Social Security Disability benefits can soften the blow of dealing with an unexpected injury or illness. If you reach a point where you feel able to start working again, you might have concerns about what this could mean for your benefits, particularly if your earning potential is lower than before.
Knowing how your decision to return to work could impact your benefits can help you plan your next steps.
Identify a game plan
Think rationally about returning to work. If you have not yet recovered to a reasonable point, it might not be the best idea to start working again. Collaborate with your doctor to understand the expectations for your recovery and to identify at what point it is safe for you to go back to work.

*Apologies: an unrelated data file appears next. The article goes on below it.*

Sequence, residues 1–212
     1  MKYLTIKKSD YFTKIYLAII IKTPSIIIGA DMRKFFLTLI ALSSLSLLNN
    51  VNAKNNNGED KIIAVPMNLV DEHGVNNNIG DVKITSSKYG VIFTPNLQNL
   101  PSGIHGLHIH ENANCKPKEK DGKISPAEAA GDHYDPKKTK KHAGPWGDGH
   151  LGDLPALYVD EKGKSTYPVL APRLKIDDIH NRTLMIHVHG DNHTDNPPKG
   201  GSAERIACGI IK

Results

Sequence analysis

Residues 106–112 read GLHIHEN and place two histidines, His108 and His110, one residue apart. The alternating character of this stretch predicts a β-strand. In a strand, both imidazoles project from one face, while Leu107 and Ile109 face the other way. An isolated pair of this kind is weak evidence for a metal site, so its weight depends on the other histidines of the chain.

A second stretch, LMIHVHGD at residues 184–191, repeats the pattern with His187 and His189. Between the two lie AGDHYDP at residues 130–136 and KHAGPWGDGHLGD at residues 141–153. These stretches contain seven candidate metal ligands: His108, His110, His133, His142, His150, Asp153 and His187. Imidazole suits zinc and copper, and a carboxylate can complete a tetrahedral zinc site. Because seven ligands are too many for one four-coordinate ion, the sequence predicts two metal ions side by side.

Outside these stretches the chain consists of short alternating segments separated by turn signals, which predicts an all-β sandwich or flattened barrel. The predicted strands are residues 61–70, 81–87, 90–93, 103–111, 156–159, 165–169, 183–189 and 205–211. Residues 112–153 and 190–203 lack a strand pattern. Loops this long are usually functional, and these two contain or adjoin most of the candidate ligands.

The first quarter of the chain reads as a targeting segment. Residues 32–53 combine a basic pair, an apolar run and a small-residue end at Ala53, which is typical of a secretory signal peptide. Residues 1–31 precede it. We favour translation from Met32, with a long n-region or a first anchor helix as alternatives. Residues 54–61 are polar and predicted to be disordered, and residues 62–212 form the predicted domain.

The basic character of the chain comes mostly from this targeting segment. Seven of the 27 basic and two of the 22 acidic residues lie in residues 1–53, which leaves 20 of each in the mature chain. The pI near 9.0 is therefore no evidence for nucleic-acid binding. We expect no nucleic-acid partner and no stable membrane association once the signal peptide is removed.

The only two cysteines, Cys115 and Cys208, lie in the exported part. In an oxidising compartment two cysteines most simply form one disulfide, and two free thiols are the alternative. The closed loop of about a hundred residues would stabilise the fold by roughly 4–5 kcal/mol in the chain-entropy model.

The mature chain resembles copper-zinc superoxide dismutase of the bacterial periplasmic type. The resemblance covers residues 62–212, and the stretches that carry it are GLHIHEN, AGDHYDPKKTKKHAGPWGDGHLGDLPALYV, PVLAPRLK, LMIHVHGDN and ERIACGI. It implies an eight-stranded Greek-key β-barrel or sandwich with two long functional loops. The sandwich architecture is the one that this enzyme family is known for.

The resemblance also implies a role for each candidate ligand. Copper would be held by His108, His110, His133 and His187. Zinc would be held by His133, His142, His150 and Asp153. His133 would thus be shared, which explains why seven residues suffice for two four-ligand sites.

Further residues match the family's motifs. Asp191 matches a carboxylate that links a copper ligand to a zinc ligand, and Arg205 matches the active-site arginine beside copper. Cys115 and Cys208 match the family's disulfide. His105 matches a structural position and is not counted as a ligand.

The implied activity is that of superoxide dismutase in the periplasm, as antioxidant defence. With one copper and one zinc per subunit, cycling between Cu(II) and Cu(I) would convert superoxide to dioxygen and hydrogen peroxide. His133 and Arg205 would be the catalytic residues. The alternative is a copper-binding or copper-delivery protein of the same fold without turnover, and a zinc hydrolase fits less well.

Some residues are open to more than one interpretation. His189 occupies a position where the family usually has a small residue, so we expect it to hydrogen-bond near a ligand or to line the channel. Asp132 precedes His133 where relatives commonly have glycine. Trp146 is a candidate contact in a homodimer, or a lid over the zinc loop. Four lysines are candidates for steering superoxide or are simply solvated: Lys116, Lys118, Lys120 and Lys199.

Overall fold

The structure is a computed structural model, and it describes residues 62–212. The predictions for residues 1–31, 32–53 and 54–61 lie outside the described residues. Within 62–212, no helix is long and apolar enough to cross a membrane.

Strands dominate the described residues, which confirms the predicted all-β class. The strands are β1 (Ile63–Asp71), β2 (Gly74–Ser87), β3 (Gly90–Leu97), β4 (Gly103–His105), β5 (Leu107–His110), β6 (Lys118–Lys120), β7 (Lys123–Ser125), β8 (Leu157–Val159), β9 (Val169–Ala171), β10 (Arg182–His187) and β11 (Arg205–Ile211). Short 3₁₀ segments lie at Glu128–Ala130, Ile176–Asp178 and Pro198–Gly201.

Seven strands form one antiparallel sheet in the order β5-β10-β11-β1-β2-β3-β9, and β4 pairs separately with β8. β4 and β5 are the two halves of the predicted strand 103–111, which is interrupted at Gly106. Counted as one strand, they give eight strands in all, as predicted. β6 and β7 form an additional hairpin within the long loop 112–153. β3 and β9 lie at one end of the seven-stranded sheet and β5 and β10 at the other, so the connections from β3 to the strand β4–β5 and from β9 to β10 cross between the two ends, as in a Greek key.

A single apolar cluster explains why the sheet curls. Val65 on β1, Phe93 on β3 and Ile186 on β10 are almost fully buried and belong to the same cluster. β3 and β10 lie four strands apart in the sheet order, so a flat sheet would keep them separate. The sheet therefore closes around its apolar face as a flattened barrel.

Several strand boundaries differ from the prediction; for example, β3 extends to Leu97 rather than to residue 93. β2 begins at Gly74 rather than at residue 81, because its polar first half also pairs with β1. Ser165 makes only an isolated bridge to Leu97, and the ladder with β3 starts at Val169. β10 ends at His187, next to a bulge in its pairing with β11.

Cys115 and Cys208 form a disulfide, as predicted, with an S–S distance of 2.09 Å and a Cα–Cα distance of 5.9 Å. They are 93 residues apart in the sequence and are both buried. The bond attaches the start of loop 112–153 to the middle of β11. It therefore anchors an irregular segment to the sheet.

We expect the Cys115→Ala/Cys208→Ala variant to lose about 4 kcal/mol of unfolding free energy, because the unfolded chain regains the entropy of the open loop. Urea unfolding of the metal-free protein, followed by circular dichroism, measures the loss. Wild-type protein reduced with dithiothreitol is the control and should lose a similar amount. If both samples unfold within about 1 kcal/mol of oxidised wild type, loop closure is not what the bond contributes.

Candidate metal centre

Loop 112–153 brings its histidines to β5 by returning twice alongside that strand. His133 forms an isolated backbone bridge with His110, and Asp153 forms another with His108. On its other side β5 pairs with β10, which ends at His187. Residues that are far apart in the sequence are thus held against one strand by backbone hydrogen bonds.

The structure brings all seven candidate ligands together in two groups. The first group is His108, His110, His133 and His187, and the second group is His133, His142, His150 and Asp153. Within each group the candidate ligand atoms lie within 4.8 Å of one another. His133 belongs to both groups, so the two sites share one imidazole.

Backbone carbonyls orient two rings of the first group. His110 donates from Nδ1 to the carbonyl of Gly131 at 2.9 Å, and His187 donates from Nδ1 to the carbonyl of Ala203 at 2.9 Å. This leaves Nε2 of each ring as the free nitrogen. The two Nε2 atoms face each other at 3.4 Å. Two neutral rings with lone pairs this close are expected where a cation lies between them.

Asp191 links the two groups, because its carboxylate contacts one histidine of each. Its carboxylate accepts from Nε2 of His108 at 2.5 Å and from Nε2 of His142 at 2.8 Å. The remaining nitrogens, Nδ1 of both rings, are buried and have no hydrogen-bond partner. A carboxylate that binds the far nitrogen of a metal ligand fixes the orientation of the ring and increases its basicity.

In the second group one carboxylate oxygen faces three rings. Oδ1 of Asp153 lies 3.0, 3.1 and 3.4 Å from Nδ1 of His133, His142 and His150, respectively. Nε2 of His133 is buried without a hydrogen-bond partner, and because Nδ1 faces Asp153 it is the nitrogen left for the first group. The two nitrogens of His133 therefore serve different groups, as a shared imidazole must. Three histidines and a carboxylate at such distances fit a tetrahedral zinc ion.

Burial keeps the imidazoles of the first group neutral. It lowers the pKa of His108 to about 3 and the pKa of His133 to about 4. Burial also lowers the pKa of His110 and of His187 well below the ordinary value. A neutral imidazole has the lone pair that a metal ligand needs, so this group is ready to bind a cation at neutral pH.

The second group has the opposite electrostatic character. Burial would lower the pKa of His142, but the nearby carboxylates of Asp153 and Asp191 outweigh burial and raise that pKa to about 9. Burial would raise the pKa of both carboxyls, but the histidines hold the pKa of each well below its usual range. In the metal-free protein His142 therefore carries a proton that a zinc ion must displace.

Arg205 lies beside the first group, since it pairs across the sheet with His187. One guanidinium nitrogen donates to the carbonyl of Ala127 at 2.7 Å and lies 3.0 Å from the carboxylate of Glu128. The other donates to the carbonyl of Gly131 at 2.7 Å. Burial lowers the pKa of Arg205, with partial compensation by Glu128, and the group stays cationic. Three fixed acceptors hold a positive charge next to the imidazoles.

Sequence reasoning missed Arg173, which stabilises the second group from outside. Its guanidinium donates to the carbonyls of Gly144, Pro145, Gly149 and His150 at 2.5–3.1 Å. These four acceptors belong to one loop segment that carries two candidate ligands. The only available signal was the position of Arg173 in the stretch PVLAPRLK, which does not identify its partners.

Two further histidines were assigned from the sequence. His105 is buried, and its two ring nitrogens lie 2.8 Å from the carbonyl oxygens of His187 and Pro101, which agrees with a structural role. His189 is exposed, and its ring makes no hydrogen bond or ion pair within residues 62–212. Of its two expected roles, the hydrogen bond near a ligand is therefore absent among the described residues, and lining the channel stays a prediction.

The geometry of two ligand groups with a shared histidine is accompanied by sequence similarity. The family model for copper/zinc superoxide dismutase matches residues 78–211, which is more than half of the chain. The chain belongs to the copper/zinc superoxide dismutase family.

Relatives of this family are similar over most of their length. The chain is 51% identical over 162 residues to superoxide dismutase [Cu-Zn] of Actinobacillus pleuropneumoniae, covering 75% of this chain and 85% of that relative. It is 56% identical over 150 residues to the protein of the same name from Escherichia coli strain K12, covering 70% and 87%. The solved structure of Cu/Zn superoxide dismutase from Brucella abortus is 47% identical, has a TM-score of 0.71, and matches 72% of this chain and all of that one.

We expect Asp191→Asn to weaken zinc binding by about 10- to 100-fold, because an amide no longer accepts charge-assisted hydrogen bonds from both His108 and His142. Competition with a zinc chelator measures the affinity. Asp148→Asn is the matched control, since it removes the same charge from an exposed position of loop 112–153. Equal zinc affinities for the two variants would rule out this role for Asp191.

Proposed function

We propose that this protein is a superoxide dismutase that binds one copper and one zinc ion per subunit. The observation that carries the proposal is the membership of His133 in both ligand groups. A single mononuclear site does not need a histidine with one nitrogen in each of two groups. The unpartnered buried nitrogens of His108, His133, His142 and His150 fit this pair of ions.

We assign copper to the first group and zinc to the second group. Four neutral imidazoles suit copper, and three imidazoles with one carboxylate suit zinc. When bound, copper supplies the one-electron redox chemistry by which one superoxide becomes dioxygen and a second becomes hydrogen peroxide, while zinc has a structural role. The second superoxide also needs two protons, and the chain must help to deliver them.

If you need to find a new job, consider your options and narrow down your interest to a few promising possibilities. Consider how much work you can do and whether you will require ongoing rehabilitation to rebuild the skills you will need to perform your job effectively.
Communicate with officials
Stay in contact with the Social Security Administration. They will want to know the details of your plan to make sure you continue to meet the requirements for receiving aid. According to the SSA, to optimize your SSD benefits, you should inform them of changes to your circumstances including the following:
- You need to pay for rehabilitation or workplace modifications
- You start a new job or stop your current job
- Your pay or the number of hours you work changes
Your diligence in keeping the SSA informed can help you avoid the consequences of collecting benefits when you no longer meet disability requirements. Officials encourage returning to work when you have a solid plan.